The economics of attention: can social media predict the future?

Can you data mine social data to predict the future? That seems to be one key question for stock pickers analyzing Tweets to predict market investments.

Professor Bernardo Huberman argues that there’s a difference between sentiment on the web versus what’s actually believed and done in real life. He calls it “the economics of attention.”

If you were to predict the election based off the Twitter stream from the last three debates you could say Obama has the election in the bag. But there’s no analysis that can solve for the moment the voter makes that final decision. Any number of things can happen leading up to the polls.

Tweets can be misleading since most people fear expressing themselves fully online, especially in an open environment like Twitter. Investors are even more cagey about broadcasting their stock picks.

Hashtags, groupthink, and advertising can also shift discussion on the web. What’s opined isn’t actually what’s believed; social media users just want to get in on the action.

There’s some predictive analysis on the web that when aggregated can positively impact strategic decisions. In short, the masses can be strikingly accurate.

The challenge therefore is balancing the organic sentiment from the bias, a true test in guessing pyschology.


China’s Rising Soft Power

Back in college I learned about “soft power,” the term Joseph Nye coined to describe the way America uses its cultural products (movies, music, sports, etc.) to expand its power overseas.  Soft power is an alternative to hard power, whereby America flexes its muscles with military might.

American preeminence shows that it takes a combination of both hard and soft power to retain hegemony.  So it makes sense for a rising nation like China to follow the same model.

China is funding a Hollywood film for 2014 anchored by a Chinese superhero that saves the world.  Concurrently, China is building up its military and roaming the Asia Pacific to compete with the United States.

China is therefore building up the might to fight America on two fronts.  But it won’t win the culture marketing battle.

For one, China is not a cultural hodgepodge like the US.  American diversity allows it to tell a multitude of stories that can relate to anyone the world.  China is too uniform with non-existent enclaves.

Secondly, there’s no entertainment business foundation in China.  Hollywood and even Bollywood in India are the results of intense investment in monetizing cultural enrichment.  Chinese actors are rare and few, musicians more so.

Lastly, China is doing itself a disservice by keeping tight control of the Internet.  The Internet is the fulcrum for word of mouth marketing.  Even a negative tweet review about a new release is spreading awareness, something the great Chinese Firewall might block.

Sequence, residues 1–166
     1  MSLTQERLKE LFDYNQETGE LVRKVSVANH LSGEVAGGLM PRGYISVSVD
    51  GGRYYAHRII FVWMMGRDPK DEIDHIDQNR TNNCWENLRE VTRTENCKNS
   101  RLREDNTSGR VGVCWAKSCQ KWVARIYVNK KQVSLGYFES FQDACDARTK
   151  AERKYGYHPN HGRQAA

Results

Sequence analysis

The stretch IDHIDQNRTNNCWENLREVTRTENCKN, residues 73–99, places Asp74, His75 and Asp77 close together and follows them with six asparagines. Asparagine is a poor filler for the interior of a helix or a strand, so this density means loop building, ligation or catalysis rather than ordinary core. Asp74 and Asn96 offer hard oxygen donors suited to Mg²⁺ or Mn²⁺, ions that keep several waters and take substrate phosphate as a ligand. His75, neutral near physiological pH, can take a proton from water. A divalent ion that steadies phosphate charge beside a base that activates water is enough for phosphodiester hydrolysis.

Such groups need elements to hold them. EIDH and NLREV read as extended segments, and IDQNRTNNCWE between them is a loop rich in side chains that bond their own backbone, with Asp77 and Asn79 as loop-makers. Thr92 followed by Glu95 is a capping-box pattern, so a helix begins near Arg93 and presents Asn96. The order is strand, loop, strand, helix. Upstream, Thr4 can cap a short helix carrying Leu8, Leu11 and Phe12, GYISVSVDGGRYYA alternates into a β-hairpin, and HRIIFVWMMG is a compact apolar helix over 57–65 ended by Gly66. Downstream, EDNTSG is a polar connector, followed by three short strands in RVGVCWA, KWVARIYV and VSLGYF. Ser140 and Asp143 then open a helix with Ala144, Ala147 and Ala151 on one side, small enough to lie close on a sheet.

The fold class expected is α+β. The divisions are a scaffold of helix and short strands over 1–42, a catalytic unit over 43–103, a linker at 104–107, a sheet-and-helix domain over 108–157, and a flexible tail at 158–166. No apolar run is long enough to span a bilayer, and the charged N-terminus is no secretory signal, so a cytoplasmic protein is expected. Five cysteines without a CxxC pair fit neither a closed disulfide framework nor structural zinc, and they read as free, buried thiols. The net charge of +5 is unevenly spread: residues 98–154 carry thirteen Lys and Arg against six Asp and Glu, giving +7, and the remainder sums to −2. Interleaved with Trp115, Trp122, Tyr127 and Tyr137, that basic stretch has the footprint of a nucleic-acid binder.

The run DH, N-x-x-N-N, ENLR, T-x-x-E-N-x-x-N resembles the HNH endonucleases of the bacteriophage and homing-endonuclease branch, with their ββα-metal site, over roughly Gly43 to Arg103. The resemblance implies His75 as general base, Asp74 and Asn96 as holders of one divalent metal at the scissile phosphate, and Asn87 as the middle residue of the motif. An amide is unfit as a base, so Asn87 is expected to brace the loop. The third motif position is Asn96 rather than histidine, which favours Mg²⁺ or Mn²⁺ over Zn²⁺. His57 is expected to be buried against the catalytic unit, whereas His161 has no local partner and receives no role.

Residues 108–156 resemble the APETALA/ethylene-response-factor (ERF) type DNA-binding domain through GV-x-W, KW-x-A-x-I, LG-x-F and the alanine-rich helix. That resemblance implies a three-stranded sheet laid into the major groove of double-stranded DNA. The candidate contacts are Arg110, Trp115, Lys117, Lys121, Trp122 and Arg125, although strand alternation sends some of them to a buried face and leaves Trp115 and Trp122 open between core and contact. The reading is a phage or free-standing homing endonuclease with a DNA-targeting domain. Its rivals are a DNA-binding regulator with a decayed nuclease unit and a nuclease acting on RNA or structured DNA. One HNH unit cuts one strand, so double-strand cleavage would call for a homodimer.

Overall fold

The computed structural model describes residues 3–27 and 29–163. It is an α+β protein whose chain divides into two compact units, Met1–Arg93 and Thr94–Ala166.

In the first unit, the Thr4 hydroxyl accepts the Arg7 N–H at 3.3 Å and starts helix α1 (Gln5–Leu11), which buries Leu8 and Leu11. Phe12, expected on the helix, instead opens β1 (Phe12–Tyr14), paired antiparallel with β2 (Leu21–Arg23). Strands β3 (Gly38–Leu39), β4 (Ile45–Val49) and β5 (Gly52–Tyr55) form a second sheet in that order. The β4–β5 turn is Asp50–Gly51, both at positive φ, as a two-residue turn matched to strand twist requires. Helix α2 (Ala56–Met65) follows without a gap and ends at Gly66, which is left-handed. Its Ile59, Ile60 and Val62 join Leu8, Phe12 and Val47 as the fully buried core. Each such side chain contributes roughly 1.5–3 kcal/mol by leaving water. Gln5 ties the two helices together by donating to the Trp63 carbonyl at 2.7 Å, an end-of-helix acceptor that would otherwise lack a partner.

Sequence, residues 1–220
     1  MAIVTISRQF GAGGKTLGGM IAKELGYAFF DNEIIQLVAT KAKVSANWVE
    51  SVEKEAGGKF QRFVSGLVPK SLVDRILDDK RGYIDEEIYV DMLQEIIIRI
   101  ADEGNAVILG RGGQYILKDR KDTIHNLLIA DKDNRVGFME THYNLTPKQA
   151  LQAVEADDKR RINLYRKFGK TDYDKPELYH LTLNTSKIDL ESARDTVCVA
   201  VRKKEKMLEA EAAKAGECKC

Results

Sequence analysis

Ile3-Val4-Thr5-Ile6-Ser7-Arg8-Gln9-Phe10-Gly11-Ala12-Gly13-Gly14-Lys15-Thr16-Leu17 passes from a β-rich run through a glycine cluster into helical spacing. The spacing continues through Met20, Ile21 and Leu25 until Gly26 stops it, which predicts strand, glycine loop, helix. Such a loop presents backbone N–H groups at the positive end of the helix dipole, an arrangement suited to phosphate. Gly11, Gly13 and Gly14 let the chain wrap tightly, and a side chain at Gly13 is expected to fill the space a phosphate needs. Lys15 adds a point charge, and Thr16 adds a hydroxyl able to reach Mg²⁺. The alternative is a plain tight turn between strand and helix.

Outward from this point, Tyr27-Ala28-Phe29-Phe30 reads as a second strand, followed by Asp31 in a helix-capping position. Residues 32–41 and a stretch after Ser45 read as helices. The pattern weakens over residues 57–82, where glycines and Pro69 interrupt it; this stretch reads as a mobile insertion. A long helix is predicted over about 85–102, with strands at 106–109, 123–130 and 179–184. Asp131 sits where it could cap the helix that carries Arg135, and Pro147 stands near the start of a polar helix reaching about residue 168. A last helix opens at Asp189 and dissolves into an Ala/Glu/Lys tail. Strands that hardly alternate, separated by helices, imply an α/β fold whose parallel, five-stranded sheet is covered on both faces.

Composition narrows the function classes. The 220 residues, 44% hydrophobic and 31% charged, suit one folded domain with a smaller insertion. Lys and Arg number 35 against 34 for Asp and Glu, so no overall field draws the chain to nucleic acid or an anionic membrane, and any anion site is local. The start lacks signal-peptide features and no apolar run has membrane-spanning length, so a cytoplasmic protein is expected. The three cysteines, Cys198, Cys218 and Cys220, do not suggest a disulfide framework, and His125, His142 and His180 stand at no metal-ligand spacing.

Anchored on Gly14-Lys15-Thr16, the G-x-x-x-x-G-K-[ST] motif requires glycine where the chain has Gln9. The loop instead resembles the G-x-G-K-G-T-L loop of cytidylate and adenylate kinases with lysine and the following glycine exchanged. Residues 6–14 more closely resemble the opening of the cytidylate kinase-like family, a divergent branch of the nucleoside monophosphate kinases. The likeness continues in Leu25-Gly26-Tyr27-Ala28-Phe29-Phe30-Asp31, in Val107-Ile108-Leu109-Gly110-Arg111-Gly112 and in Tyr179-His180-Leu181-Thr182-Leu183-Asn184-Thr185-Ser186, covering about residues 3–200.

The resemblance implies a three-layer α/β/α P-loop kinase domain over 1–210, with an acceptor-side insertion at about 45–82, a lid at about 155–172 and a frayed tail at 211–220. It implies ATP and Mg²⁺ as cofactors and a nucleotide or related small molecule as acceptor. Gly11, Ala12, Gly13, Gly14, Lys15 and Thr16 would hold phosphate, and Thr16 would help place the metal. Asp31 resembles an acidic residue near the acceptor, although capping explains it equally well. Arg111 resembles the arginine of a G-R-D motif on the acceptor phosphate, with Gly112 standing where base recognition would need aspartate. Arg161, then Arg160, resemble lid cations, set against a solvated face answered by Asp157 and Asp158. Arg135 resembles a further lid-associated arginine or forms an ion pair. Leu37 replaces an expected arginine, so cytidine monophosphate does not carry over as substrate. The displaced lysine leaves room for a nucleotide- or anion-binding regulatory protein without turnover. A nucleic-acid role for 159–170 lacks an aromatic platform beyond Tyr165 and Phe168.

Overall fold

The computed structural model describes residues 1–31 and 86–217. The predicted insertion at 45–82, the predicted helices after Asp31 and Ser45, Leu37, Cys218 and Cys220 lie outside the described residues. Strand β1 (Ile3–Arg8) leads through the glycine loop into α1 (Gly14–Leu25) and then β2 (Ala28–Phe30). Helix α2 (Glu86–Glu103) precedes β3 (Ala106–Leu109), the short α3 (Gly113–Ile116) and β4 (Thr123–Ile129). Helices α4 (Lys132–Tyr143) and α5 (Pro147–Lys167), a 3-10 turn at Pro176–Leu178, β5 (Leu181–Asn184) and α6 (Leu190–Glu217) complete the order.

Remember America too resisted internationalism before it found itself with the global responsibility to save and entertain the world.

Cultural packaging and export will be a tough sell for China.  The market is already crowded with good stories and quality content from the West.  Not too mention the glut of user generated content.  If China is going to all of a sudden make hits to spread its power it should get the backing of its own people first.


Tweeting for the nation

Sweden is taking an interesting approach to Twitter, passing it to its citizens to handle. 

Swedish tweeters own the handle @Sweden for a week each, tweeting about the realities and observations of every day life in Sweden.

It’s a risky move by the national government but it does put the microphone in the everyday citizen’s hands, to simply tell it like it is.  The best advice for handlers of the account is play by the rules and to be themselves.  

“I wanted to show that I’m often kind of immature and often kind of stupid and so is this country, and I bet you are, too, and so are a lot of people around the world.” (link)

What’s not clear is how open other nations would be to this model.  For one, @unitedstates is strictly a conservative account.  But it it were a US government account and followed the Sweden model, Americans would be in store for some educational moments about its own people.

It’s easy to forget your neighbor, young or old, black,white, hispanic, or jewish.  As I tumbled yesterday, “I wonder how many people I’ve looked at all my life and never seen.”

America needs a reminder about its unique diversity of people, ideas, and socioeconomic conditions. 

@Country is a groundbreaking idea that could speak for any nation as it should, through the eyes of the people.

Arts Politics & Society

Ai Weiwei: Art through suffering

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You can push a creative man into silence but all this does is fuel his creative output.

China held artist and “dissident” Ai Weiwei in captivity for 81 days. He nearly died.

Weiwei is now turning his jail time experience into a piece of art. For Weiwei, creative expression is more about storytelling than profit.

“Very few people know why art sells so high,” Mr. Ai replied. “I don’t even know.”

Still, his art sells for hundreds of thousands at Sotheby’s in New York.

Weiwei lived in New York for 11 years before heading back to China. The creative freedom he learned in New York shines through WeiWei’s work.

Weiwei teaches us to make something lasting, in good times or bad. As Neil Gaiman said in his commencement speech this week:

“When things get tough, make good art. Make it on the bad days. Make it the good days too.”

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